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Breastfeeding and smoking

Research has found that smokers are less likely to begin or persist with breastfeeding compared with non-smokers. However, this is not thought to be due to an inability to breastfeed, but rather to do with the background of a mother who smokes.1,2

Is it still safe to breastfeed if I smoke?

Some mothers who smoke believe that it is safer to give their baby formula rather than breastfeed. On the contrary, babies who are formula fed are more likely to suffer from the effects of second-hand cigarette smoke, compared to a breastfed baby. Breastmilk contains important factors to help babies fight illness. Exposure to second-hand cigarette smoke increases a baby’s risk of lung infections, asthma and sudden infant death syndrome.1

Breastmilk contains important factors to help babies fight illness. Breastfeeding helps protect the baby from the harmful effects of cigarette smoke.2,3

Of course, it is better if a breastfeeding mother does not smoke, but if she cannot stop or cut down, then it is better to smoke and breastfeed rather than smoke and formula feed.4

Some women try e-cigarettes (often known as ‘vaping’) because they want to quit smoking or think it is safer for their baby. There isn’t enough research yet to know if this is true. E-cigarettes are not harmless as they can still contain chemicals and nicotine which can pass into breastmilk and affect your baby’s health. 

If you smoke:

  • Wait until after a breastfeed. Nicotine levels in your breastmilk are halved in about 97 minutes after a cigarette.5,6 The longer the time between smoking and the next breastfeed, the less nicotine your baby will be exposed to through your breastmilk.
  • Don’t smoke or vape in the house or the car. Keep the area around your baby as smoke-free as possible. Don't allow anyone else to smoke near your baby.
  • Cover up and clean up. Each time you have a cigarette, the chemicals is trapped in your clothing, hair and skin. You won’t always be able to change your clothes, brush your teeth, shower and wash your hair after each cigarette. However, you could think about having a ‘smoking outfit’ or something to cover your clothes, which you keep outside to change into. Cover your hair with a shower cap or scarf. You can then wash your hands and brush your teeth when you take off the outer layer.


There are various options available when it comes to quitting smoking and it is not a ‘one size fits all’ approach. Options and useful resources on quitting smoking can be found at or you can speak with your doctor. Make sure you tell them that you are breastfeeding so they can help you to choose the safest option for you and your baby.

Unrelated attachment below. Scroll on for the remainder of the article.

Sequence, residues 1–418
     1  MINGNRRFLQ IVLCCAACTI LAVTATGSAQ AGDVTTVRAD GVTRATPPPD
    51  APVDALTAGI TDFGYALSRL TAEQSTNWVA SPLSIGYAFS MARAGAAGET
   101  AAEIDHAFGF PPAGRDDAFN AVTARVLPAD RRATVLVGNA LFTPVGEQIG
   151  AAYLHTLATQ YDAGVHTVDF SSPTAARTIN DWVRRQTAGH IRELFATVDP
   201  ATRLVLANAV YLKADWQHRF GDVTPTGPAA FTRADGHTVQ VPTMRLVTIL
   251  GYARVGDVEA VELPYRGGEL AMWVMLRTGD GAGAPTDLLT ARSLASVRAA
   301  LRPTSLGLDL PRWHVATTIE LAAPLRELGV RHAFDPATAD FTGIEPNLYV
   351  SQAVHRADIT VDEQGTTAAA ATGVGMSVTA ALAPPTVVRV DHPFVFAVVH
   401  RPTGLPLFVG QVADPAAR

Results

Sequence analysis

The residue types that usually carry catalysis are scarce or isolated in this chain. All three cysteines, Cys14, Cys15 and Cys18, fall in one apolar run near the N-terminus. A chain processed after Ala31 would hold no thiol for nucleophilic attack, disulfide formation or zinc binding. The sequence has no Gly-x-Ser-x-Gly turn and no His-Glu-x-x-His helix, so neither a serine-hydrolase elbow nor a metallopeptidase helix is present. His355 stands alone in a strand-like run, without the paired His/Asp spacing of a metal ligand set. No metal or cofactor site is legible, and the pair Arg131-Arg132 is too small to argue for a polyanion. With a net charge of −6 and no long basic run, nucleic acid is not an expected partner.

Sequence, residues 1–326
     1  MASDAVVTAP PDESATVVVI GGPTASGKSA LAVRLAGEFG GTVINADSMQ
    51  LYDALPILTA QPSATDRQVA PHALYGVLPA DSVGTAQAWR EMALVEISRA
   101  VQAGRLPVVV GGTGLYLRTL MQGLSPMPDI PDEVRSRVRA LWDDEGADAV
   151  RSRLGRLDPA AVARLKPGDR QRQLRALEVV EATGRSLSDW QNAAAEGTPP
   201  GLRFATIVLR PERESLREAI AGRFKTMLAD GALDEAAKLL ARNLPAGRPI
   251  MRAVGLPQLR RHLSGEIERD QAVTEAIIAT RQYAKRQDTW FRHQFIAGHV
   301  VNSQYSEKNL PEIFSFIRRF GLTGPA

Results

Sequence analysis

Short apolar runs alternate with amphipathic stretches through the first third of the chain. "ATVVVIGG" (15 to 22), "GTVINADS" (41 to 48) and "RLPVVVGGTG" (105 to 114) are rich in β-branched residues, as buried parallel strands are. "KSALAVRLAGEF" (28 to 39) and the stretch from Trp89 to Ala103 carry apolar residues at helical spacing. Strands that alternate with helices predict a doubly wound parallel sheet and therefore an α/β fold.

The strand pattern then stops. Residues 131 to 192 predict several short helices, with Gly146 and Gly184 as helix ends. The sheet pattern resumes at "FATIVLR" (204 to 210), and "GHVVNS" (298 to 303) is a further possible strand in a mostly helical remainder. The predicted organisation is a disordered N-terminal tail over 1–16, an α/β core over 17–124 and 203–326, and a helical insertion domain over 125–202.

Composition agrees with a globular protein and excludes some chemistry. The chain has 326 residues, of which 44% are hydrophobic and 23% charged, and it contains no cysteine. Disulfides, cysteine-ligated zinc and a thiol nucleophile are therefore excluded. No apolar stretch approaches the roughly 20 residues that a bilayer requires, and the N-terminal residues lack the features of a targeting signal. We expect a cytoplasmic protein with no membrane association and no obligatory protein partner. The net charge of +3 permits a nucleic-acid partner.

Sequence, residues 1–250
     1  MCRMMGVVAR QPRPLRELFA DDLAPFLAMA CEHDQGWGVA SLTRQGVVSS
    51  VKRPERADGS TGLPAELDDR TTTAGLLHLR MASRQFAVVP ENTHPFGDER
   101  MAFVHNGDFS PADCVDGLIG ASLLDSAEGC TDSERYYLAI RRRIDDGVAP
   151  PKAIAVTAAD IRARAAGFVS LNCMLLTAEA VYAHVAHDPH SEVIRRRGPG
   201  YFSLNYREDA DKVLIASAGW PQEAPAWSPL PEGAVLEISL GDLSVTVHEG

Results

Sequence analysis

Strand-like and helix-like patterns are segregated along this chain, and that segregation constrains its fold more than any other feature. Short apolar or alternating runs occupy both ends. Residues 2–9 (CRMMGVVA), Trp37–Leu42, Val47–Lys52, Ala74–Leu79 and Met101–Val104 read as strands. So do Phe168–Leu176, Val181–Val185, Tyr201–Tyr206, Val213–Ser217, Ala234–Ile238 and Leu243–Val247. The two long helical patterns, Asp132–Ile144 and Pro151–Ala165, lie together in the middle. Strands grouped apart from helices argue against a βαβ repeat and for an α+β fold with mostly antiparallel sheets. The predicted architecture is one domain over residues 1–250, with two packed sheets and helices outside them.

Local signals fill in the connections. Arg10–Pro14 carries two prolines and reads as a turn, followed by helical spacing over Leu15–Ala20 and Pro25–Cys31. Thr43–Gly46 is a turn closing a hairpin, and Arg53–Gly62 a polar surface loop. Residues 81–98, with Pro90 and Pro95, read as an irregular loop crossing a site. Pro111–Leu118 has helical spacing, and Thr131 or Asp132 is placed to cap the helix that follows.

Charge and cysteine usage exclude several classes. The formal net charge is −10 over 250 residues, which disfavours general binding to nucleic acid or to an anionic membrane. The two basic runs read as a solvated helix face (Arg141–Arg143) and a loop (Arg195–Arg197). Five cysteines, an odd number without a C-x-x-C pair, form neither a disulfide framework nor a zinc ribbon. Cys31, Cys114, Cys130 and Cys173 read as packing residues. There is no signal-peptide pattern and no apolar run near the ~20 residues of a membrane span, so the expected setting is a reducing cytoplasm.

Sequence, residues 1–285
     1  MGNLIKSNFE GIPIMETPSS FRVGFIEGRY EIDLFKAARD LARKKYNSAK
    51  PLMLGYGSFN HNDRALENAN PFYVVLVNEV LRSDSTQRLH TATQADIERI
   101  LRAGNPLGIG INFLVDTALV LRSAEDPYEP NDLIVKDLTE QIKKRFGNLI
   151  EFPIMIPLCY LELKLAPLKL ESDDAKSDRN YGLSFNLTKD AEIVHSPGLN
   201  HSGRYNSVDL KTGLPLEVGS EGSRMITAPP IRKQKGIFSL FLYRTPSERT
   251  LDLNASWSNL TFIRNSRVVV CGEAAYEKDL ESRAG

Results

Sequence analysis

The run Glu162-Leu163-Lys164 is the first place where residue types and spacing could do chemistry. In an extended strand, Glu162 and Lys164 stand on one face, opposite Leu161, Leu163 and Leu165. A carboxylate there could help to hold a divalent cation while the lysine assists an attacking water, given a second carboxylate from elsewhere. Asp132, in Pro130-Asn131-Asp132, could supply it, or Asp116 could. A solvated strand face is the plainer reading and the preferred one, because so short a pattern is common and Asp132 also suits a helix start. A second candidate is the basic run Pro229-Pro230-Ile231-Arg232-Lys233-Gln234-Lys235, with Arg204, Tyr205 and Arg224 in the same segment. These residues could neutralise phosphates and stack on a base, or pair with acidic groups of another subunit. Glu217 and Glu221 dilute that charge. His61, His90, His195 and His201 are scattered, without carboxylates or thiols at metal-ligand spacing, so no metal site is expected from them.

• Some people use nicotine patches to help them to quit smoking. If you use low milligram (ie 14 mg or 7 mg) nicotine patches and don't amoke, you'll have less nicotine in your breastmilk.
  • Don’t smoke any cigarettes at the same time as using a nicotine patch and follow the guidelines for that product.
  • If you are using nicotine gum, breastfeed first then chew the gum after so there is less nicotine in your breast milk.  
  • You will need a prescription from your doctor if you want to usenicotine e-cigarettes as an aid to quit smoking.8


  1. Weiser, T.M., Lin, M., Garikapaty, V., Feyerharm, R. W., Bensyl, D. M. & Zhu, B. P. (2009).Association of maternal smoking status with breastfeeding practices: Missouri, 2005. Pediatrics, 124(6), 1603–1610. 

  1. Hauck, F. R., Thompson, J. M., Tanabe, K. O., Moon, R. Y. &Vennemann, M. M. (2011). Breastfeeding and reduced risk of sudden infant death syndrome: Ameta-analysis.Pediatrics, 128(1), 103–110.  

  1. Ip, S., Chung, M., Raman, G., Chew, P., Magula, N., DeVine, D., Trikalinos, T., & Lau, J. (2007). Breastfeeding and maternal and infant health outcomes in developed countries. Evidence Reports/Technology Assessments, 153, 1–186. 

  1. Dorea J. G. (2007). Maternal smoking and infant feeding: Breastfeeding is better and safer. Maternal and Child Health Journal, 11(3), 287–291.   

  1. Dahlström, A., Ebersjö, C., & Lundell, B. (2004). Nicotine exposure in breastfed infants. Acta Paediatrica, 93(6), 810–816. 

  1. Luck, W. & Nau, H. (1984). Nicotine and cotinine concentrations in serum and milk of nursing smokers. British Journal of Clinical Pharmacology, 18(1), 9–15.  

  1. Ilett, K. F., Hale, T. W., Page-Sharp, M., Kristensen, J. H., Kohan, R. & Hackett, L. P. (2003). Use of nicotine patches in breast-feeding mothers: Transfer of nicotine and cotinine into human milk. Clinical Pharmacology and Therapeutics, 74(6), 516–524. 

  1. Australian Government Department of Health. (2021). Nicotine vaping products: Information for consumers. Therapeutic Goods Administration.  

© Australian Breastfeeding Association May 2022

The information on this website does not replace advice from your health care providers.


Last reviewed: 
Apr 2019